The Harsh Reality of Video-Game Addiction
Mar 21, 2019
Jonas Odell, a Swedish filmmaker, has long been interested in animation and game design. Like many in his field, he has been keeping up with the recent spate of articles about video-game addiction. One thing Odell noticed, though, was that the addicts themselves were almost never interviewed. “Mostly it was experts or concerned parents talking about the subject,” Odell told me. “I was simply interested in hearing these people’s own stories firsthand.”
With the help of a therapist who specializes in addiction, Odell conducted interviews with gaming addicts. Three of these compelling personal stories form the basis of Odell’s inventive short documentary I Was a Winner. The interviewees are embodied in animated re-creations of their gaming avatars, which the filmmaker and his team created based on descriptions the subjects offered of their characters and the worlds they inhabit in game play. Odell based the avatars’ behavior on an experience he once had while watching a friend play Grand Theft Auto. “Whenever he stopped playing but left the game on, the character would suddenly seem at a loss of what to do,” Odell said. “It would start to wander aimlessly back and forth. I found that quite moving—this aggressive [avatar] who normally dragged people out of their cars suddenly seemed very vulnerable.” That was the feeling he hoped to re-create.
In the film, one young gamer describes how he sought approval from his family but only found it in video games: “My parents said to me, ‘You little shit, you’re nothing special.’ So when I do something well in this world, I think, I am special.”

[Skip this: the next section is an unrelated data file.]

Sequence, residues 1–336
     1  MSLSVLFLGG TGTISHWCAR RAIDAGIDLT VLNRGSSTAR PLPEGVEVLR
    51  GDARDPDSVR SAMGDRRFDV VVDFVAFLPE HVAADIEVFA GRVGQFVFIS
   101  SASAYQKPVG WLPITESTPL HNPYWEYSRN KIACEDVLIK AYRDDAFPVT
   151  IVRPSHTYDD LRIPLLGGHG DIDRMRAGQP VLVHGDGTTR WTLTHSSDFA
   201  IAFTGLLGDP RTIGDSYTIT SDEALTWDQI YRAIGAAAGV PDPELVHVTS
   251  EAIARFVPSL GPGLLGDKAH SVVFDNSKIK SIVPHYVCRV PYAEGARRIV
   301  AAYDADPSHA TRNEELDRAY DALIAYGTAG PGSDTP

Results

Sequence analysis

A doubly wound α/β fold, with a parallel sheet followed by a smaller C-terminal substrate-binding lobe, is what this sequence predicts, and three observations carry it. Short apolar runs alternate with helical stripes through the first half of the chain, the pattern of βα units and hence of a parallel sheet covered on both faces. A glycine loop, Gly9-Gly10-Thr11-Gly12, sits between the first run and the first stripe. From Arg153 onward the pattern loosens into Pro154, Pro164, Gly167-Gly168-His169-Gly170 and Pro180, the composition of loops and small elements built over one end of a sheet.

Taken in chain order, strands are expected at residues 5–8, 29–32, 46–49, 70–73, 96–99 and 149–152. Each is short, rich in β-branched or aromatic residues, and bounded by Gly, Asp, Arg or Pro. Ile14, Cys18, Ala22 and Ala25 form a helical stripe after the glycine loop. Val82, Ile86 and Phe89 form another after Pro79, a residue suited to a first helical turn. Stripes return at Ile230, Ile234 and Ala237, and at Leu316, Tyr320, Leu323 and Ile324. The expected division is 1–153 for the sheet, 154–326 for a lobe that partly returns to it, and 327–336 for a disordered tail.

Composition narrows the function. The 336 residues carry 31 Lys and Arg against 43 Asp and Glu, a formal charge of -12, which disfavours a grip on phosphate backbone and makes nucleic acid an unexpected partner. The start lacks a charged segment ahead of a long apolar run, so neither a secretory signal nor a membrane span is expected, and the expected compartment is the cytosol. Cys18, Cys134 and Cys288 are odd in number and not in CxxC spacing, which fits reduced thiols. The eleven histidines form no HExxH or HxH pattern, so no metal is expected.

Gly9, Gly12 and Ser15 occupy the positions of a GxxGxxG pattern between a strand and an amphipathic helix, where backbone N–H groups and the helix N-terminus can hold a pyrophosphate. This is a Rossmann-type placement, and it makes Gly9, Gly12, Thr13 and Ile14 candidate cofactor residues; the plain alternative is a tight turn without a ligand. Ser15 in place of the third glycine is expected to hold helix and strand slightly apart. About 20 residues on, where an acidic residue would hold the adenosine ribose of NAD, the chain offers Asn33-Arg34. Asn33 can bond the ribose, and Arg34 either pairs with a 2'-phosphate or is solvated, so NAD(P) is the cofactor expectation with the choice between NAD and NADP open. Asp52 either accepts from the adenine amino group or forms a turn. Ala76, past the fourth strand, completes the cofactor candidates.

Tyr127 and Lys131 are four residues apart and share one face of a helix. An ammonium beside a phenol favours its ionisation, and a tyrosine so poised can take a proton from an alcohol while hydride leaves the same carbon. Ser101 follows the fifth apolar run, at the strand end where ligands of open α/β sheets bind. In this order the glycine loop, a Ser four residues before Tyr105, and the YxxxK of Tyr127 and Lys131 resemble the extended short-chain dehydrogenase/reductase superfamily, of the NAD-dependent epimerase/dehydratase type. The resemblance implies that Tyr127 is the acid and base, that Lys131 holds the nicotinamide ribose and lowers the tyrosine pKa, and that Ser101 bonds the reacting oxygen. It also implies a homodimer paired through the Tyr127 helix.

Not all of the gamers Odell interviewed were young—a fact that he said surprised him. “There was a greater age range than we had expected,” Odell said. “The oldest person we interviewed, who didn’t wind up in the film, was a successful businessman in his 50s when he started playing. He subsequently wrecked his marriage, lost his home, and ended up living in his parents’ attic.”
In December 2013, in a decision that created much controversy among the gaming community, the American Psychiatric Association’s Diagnostic and Statistical Manual of Mental Disorders recognized the potentially pathological nature of video-game addiction as internet gaming disorder. Among the eight criteria listed in the DSM-5, mental-health professionals were instructed to look out for the following behaviors, which must cause “significant impairment or distress” in several aspects of a gamer’s life: withdrawal symptoms; continuing a game despite problems; deceiving family members or others about the amount of time spent on gaming; and an inability to reduce playing or quit gaming altogether. In 2018, the World Health Organization followed suit, classifying gaming disorder as “characterized by a pattern of persistent or recurrent gaming behavior.” The most recent research indicates that 1 to 3 percent of gamers are at risk of becoming addicted to the pastime.
While making the film, Odell identified a through line in the addicts’ stories: Most of the interviewees seemed to be chasing affirmation they couldn’t find in the physical world. “Within a controlled environment, you get to feel successful and proud of your skills,” Odell said, “whereas in real life, success is a much more complicated thing that is never ‘fair’ or just based on skills. The world in the game is easier to navigate, especially if you are experiencing problems in the real world, where subtle social skills might be more important than competence in other fields.”
The filmmaker added that many gamers seemed to struggle to find their place in society. “In our modern meritocratic society, you don’t have an obvious place in the way people used to have,” Odell said. “You have to create it for yourself. That’s complicated. Fleeing into the more regulated world of the game—a Manichaean populist worldview—is an easy way out.”
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Author: Emily Buder
About This Series
A showcase of cinematic short documentary films, curated by The Atlantic.